WHEN AN OUT OF STATE DRIVER GETS A TICKET IN NEW YORK
Quite often, I receive calls from out of state drivers who, while passing through New York, receive traffic and speeding tickets and are curious about how to proceed. This is an interesting area of law, as each specific State handles out of state traffic convictions differently.
For instance, "[t]he NYSDMV does not record out-of state violations committed by NYS drivers in other jurisdictions. The exceptions are alcohol-related violations, drug-related violations, and moving violations committed in Quebec or Ontario." (Citation) .
Additionally, the State of New Jersey will assess their drivers two (2) points for out-of-state convictions for moving violations. (Citation) .
Regardless of where the out-of-state driver is licensed, anyone receiving a ticket in the State of New York will find that they are subject to the same sanctions as a New York driver with regard to the potential for the suspension of their driving privileges in the State of New York and imposition of New York State DMV's driver responsibility assessment ("DRA".)
An out of state driver can lose their privileges to drive in New York in at least four situations:
- Failure to answer a ticket (entering a plea to the Court in a timely manner);
- Accumulation of three speeding convictions or eleven points in an eighteen month period;
- Failure to pay a DRA; &
- Failure to pay a fine set by the Court.
Once a motorist receives a traffic ticket (commonly known as a simplified traffic information), there is a specific date by which the Court must be notified of a guilty or not guilty plea. Providing this information to the Court is referred to as answering a summons. If the motorist does nothing, and the date passes, the Court will notify NY DMV, who in turn will notify the driver by mail that if they do not answer the ticket by a certain date, their privilege to operate a motor vehicle in the State of New York will be suspended and that they will then have to pay a non-refundable $70.00 fee (per ticket) to have the suspended lifted. As most States now share information about their drivers through the Interstate Driver's License Compact, there may also be additional sanctions or potential for suspension in the driver's home state.
Additionally, New York will take action against a driver's privilege to operate a motor vehicle in the State of New York upon the accumulation of three speeding convictions or eleven points within an eighteen-month period. These points and convictions refer to those obtained from tickets received in the State of New York. Although an out of state driver may question how this is possible when they do not hold a New York driver's license, it should be noted that once a ticket is issued and there is action with regard to the ticket, either in the form of a conviction for a specific traffic offense or for failure to answer a summons as noted above, a record is created in New York with regard to that person's name, address and/or date of birth. Once this "record" demonstrates that the driver has obtained the requisite amount of points or convictions, it is likely that New York DMV will suspend or revoke the driver or non-resident driver's privileges to operate a motor vehicle in the State of New York.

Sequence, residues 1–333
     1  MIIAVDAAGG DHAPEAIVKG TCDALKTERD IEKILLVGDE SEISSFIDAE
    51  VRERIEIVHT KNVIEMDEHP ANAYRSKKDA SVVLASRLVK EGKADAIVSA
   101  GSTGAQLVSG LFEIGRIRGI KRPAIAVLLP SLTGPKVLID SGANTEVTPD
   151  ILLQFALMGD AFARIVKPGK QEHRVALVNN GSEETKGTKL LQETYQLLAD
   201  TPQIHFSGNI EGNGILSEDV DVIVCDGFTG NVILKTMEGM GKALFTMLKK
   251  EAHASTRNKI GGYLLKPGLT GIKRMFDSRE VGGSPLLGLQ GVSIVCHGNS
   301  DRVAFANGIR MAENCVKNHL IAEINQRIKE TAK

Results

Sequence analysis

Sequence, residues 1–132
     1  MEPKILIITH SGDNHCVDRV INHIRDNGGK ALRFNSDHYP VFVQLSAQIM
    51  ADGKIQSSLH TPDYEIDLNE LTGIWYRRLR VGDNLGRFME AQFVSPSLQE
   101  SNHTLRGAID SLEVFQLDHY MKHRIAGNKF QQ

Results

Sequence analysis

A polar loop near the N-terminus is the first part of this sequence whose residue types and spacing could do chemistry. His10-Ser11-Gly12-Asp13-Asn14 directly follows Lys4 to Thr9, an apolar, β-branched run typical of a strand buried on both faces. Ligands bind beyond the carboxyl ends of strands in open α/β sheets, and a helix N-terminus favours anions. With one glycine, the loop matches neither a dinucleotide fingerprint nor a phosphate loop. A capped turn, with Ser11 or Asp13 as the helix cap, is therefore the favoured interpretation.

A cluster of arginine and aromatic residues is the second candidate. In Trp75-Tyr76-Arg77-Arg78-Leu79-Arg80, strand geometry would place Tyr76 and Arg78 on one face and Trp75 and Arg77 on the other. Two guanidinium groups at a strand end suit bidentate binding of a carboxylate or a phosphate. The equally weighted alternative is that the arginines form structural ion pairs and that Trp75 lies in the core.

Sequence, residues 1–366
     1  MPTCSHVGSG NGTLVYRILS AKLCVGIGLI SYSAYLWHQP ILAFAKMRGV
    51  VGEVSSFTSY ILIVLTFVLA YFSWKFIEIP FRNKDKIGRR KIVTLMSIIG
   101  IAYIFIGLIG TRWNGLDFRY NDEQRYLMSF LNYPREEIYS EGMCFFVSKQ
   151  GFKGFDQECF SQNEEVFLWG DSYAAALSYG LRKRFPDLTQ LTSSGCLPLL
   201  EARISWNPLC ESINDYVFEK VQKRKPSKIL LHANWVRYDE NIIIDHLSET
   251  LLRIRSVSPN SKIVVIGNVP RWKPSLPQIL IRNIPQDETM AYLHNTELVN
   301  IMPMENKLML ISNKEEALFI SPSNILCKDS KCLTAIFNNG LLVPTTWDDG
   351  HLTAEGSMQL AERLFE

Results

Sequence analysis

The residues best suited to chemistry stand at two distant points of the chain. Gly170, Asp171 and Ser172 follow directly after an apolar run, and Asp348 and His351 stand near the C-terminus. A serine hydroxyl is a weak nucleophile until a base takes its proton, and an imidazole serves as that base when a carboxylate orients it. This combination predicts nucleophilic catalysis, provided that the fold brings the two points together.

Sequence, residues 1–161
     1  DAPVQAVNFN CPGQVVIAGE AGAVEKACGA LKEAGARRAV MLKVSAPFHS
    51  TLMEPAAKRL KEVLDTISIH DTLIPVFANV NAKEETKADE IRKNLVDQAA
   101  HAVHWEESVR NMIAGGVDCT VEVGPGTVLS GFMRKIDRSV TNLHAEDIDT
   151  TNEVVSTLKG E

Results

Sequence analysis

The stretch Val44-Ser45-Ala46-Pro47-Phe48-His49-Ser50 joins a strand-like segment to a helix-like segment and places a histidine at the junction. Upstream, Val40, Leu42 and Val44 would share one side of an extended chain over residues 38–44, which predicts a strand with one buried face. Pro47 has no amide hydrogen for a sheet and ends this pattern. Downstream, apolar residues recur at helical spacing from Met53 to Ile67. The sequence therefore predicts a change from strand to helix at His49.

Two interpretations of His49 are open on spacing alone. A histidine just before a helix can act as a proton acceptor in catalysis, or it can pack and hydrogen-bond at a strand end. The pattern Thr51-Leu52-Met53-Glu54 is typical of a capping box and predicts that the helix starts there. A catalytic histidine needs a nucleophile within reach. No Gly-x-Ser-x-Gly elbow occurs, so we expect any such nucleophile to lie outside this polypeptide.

Likely based upon the State's need for increased revenue, New York now imposes a Driver's Responsibility Assessment upon the accumulation of six or more points on the driver's or non-resident driver's record. Although there are many opportunities for DMV to impose a DRA, for the purpose of this article, the discussion is limited to these fees assessed in the context of traffic tickets.
Per New York DMV, "[i]f you are convicted of one or more traffic violations resulting in six points in any 18-month period, you will be required to pay $100 each year for the next three years. For each additional point accumulated during that period, you will be required to pay another $25 per point every year for three years. Completion of a motor vehicle accident prevention course will not reduce the calculation of points affecting the driver responsibility assessment." (Citation).
Once imposed, the driver is usually given a specific date in which to pay the DRA. If the date passes and the DRA is not paid, the driver or non-resident driver's privilege to drive in New York will be indefinitely suspended until the payment is made.
It should be noted that it in the State of New York, it is, at a minimum, a misdemeanor to operate a motor vehicle with one or more suspension or revocations in place on the driver or non resident driver's record (in some instances and based upon the number of suspension or revocations, this conduct may also be charged as a felony.)
Regardless of where you are licensed to drive, it is very important to be aware that each State imposes specific rules and regulations with regard to the lawful use of their highways and byways. Promptly answering a ticket and keeping your address up to date with your home state's DMV (and the Court in which any traffic ticket is issued) is the first line of defense towards keeping you driving record suspension free.
If you have received a ticket in Rockland County or anywhere in the State of New York, please feel free to give me a call at 845-638-9200 to discuss your case and the options available to you.
Law Office of Brian Berkowitz, 222 North Main Street, New City, NY 10956. 845-638-9200.
FACEBOOK: Law Office of Brian Berkowitz